Verge (Symbol: XVG) is a cryptocurrency designed to give users TOR-level privacy and security while still allowing the cryptocurrency to be practical for everyday use.
This guide will explain what Verge is, how it was designed, provide live pricing information, and explain what drives its price. We also discuss what experts have to say about it.
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What is Verge?
Verge was founded in 2014 under the name DogeCoinDark. This was a fork of Dogecoin and was designed to provide an anonymous alternative to Dogecoin.
Despite having a small devoted community, DogeCoinDark struggled to acquire popularity.
In 2016 the decision was eventually taken to rebrand the currency under the name Verge. This was done to help differentiate the currency from other so-called “dark” coins as Verge’s creators and its community felt that they were not getting the recognition that they deserved.
The Privacy Altcoin
Verge sits alongside other so-called “privacy coins” like Monero, Pivx, and Zcash. The creators of Verge want to use their currency to take blockchain technology and make it accessible to the everyday user.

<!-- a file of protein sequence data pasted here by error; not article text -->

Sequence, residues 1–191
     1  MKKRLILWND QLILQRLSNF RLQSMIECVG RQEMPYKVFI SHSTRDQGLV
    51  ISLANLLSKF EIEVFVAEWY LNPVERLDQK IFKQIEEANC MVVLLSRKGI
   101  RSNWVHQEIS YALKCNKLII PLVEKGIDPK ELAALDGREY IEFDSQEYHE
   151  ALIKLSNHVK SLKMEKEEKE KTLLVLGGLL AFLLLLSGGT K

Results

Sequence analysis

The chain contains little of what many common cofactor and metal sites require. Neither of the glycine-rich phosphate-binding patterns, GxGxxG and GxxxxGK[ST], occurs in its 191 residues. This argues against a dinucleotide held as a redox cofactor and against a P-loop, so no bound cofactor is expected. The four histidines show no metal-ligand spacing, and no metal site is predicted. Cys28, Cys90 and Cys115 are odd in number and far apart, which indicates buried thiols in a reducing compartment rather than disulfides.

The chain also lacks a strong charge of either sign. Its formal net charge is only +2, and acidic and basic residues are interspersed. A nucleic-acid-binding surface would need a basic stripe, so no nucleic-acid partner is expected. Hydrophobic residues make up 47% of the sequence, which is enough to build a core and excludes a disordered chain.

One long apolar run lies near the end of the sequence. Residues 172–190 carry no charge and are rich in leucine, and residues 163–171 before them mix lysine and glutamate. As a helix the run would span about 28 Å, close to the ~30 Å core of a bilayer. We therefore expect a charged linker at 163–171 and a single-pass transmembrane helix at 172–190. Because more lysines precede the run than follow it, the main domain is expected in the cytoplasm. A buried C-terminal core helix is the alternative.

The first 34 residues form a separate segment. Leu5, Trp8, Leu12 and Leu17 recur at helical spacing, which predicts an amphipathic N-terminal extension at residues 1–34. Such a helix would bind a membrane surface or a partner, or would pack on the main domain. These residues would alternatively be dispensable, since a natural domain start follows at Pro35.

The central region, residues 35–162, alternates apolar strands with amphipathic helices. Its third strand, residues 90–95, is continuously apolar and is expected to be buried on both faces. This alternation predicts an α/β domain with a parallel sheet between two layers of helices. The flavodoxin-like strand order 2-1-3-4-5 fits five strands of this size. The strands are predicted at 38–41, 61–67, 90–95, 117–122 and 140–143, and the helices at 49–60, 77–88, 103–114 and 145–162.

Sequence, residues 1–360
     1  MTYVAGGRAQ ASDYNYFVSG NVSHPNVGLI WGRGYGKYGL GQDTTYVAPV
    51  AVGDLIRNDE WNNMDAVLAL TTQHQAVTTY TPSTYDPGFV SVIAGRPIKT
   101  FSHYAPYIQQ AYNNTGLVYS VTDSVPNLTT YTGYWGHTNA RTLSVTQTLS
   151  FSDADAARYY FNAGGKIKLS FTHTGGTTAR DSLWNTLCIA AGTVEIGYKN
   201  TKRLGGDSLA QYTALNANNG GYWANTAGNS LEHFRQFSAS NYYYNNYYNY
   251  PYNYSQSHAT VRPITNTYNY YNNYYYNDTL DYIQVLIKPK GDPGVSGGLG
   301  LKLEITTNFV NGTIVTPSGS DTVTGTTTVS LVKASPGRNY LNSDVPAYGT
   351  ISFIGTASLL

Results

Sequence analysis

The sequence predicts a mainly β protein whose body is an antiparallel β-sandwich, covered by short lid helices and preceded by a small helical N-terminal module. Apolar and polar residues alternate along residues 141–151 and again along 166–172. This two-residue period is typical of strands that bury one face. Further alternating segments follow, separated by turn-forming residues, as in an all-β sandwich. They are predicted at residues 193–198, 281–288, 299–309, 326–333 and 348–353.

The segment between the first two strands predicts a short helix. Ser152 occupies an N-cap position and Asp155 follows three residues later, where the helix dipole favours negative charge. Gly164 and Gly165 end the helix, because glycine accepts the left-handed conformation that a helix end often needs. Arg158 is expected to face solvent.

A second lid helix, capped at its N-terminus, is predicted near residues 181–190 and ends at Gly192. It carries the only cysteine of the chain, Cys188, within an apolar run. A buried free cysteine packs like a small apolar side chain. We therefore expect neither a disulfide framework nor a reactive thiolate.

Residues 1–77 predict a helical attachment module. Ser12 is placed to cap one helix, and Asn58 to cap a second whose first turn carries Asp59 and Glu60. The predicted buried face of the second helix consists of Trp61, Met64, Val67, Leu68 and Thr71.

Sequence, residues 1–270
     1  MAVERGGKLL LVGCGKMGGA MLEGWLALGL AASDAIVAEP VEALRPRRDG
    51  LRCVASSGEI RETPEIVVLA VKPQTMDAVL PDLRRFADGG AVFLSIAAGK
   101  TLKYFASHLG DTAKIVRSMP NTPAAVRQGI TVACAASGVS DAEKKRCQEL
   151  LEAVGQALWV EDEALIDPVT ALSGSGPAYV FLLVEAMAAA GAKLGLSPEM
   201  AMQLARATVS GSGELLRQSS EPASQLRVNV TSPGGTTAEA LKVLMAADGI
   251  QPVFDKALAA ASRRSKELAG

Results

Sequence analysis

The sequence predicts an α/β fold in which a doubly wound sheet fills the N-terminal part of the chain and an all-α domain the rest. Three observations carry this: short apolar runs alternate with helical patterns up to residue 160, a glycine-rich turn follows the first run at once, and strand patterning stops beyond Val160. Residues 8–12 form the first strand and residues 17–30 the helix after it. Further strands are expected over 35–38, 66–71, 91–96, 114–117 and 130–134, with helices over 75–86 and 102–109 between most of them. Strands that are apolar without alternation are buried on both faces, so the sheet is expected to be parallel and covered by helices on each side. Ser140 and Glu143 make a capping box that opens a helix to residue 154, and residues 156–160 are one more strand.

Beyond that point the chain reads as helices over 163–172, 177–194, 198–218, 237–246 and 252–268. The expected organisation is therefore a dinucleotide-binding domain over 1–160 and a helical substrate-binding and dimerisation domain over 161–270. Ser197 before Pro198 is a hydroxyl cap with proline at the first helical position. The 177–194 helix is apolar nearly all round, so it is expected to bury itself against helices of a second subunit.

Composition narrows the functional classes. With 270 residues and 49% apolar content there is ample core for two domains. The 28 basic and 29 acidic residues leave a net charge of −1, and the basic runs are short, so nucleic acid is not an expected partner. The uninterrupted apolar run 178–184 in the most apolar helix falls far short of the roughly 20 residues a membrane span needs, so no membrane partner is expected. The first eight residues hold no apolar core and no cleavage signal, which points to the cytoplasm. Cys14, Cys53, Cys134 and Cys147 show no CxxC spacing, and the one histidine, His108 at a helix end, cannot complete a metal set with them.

They also want to give users the option to protect their privacy and prevent outside entities from tracing their transactions. There are several privacy coins available at the moment but what makes Verge special is the team’s commitment to transparency and usability.
One of the most interesting features of Verge is that the cryptocurrency’s blockchain features both TOR and I2P integration. Both TOR and I2P are effective tools to help anonymize their users but they work in slightly different ways.
“The Onion Router” works by directing a user’s traffic through a worldwide overlay network consisting of more than seven thousand relays. The package is encrypted and is then sent on to another relay that can only read enough information to send and receive the package.
This is then re-wrapped and sent on to the next relay until the package has reached its destination. At this point, the final relay can decrypt the information held in the package but will be unable to pinpoint the source I.P. This grants the user anonymity.